Greater Washington Coalition for Jewish Life

Rabbi’s Blog

 

September 2021

 

Dear Friends,

This year has been a particularly challenging one to prepare for the High Holy Days. I imagine many of you share this feeling. At one and the same time I am looking ahead to a time when we can gather together in person, while at the same time looking back to earlier this summer when that seemed so possible. The pandemic has altered most every aspect of our lives over the past 18 months. And, while the Hebrew month of Elul is really a time designated for spiritual seeking – for the spiritual inventory process, I have struggled, at times, to bring my heart and soul to that space this year.

In those moments when I feel a bit stuck at home and things are challenging, I have been holding onto our tradition’s understanding of home as a “mikdash me’at – a mini sanctuary.” Our challenge this year is to once again create a virtual high holiday space that replicates and celebrates the sanctuary of us together, with all the beauty and inspiration that comes from being in community. Even though it will not be the same, it will still be joyful to wish each other a Shanah Tovah and to celebrate the High Holy Days together. In fact, there are some ways in which our virtual space makes that even sweeter – with community members who might not be able to be physically present able to gather with our Coalition! As we prepare for this second virtual holiday season, I want to remind you (and remind me) of some of the things that we did last year that helped us build that sanctuary at home:

  • –  Have a really wonderful holiday meal! Light the candles, say kiddush and motzi, and enjoy some apples and honey before services.
  • –  Get dressed up (even if only from the waist up)! I found that putting on my suit and my tallit brought me to a place of physical readiness for services. This year, I am wearing a kippa that was made for my daughter’s bat mitzvah – to celebrate some of the special moments of this past year as we bring in the new one.
  • –  I invite you to create a sacred space in your home where you can participate in services. Maybe that means lighting a candle, or turning off your TV in the background. However you choose to do it, ensuring you are not distracted will help make sure you are spiritually and emotionally present, even if we are not physically together.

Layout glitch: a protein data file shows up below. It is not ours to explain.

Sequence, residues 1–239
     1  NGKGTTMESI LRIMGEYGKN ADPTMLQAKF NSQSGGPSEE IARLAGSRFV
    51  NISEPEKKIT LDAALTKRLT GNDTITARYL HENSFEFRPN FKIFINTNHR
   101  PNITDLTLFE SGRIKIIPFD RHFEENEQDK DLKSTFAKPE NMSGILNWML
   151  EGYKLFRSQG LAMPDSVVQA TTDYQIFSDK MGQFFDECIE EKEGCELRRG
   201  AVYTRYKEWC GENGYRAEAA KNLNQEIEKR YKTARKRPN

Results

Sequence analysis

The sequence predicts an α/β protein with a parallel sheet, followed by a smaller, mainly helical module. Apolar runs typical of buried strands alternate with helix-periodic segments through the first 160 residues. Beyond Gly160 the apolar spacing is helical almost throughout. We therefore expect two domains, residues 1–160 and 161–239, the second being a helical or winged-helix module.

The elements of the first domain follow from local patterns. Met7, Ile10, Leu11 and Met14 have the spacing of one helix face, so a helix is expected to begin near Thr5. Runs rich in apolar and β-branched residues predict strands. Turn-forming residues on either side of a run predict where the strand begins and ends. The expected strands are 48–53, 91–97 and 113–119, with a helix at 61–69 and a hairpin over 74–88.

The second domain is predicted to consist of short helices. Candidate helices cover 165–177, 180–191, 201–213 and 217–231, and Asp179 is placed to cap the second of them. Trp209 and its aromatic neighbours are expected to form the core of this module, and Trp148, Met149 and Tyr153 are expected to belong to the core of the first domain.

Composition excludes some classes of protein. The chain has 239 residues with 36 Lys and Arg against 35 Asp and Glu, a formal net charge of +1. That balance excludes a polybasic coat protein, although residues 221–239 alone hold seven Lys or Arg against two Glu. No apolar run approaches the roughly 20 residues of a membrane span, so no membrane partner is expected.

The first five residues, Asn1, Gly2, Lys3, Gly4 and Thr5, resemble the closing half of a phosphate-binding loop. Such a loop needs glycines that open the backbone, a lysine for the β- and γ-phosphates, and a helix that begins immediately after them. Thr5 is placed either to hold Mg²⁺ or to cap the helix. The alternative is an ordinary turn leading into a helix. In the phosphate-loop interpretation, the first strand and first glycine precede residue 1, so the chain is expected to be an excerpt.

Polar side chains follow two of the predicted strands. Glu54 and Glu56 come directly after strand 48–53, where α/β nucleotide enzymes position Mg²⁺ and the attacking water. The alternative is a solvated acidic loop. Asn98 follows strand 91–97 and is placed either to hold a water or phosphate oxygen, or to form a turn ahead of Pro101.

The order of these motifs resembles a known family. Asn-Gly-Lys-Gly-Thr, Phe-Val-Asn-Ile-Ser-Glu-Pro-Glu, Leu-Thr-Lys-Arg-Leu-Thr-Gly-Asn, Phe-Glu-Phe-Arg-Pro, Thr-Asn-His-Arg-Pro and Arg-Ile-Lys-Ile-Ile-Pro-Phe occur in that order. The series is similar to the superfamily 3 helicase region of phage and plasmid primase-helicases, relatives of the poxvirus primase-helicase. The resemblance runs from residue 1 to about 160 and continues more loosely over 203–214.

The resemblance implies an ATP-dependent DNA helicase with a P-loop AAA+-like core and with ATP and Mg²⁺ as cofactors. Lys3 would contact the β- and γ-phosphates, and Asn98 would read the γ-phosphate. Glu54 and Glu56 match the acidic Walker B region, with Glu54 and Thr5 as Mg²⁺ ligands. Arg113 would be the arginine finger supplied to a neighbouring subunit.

• –  Use your prayer book. While during the year many of us have relied on the PDF of the siddur, we have arranged for people to have access to our Coalition Mahzorim (holiday prayer books). Last year, I found that to be incredibly meaningful.
  • –  Make space to do the spiritual work of this moment. Each year, we are invited to conduct a Heshbon Hanefesh – a spiritual accounting. Take this opportunity and reflect on the year. Look at the abundance of your life, as well as the growing edges, and begin to plan for next year. Although we don’t always know what is in store for us, we also know that our planning now will help us find real change in the year to come.

Rabban Gamliel, who was living and writing around the period of the destruction of the Second Temple in Jerusalem, called us to this phrase of a Mikdash Me’at – first offered by the prophet Ezekiel several hundred years earlier. But in Rabban Gamiel’s world, where the Temple no longer existed, Judaism needed to adapt in order to survive. In the past 18 months, many of us have spent more time at home than ever before. This presented us with a unique opportunity and also real challenge. We have been working, studying, exercising, and living all in one space. As a community, we have been praying in that space as well.

Although our society is once again looking at a changing spiritual landscape, I believe that our experiences of the past year and from past generations can guide us toward meaning, community, and holiness. As we come together for Rosh Hashanah this year, I look forward to sharing this journey with you, to helping each of us find our Mikdash Me’at, and to walking the path of the Holy Days as a community.

Jen, Talyah, Kol, and I wish each of you a sweet, joyful, and healthy New Year. Kol Tuv,

Kol Tuv (Be Well),

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Rabbi James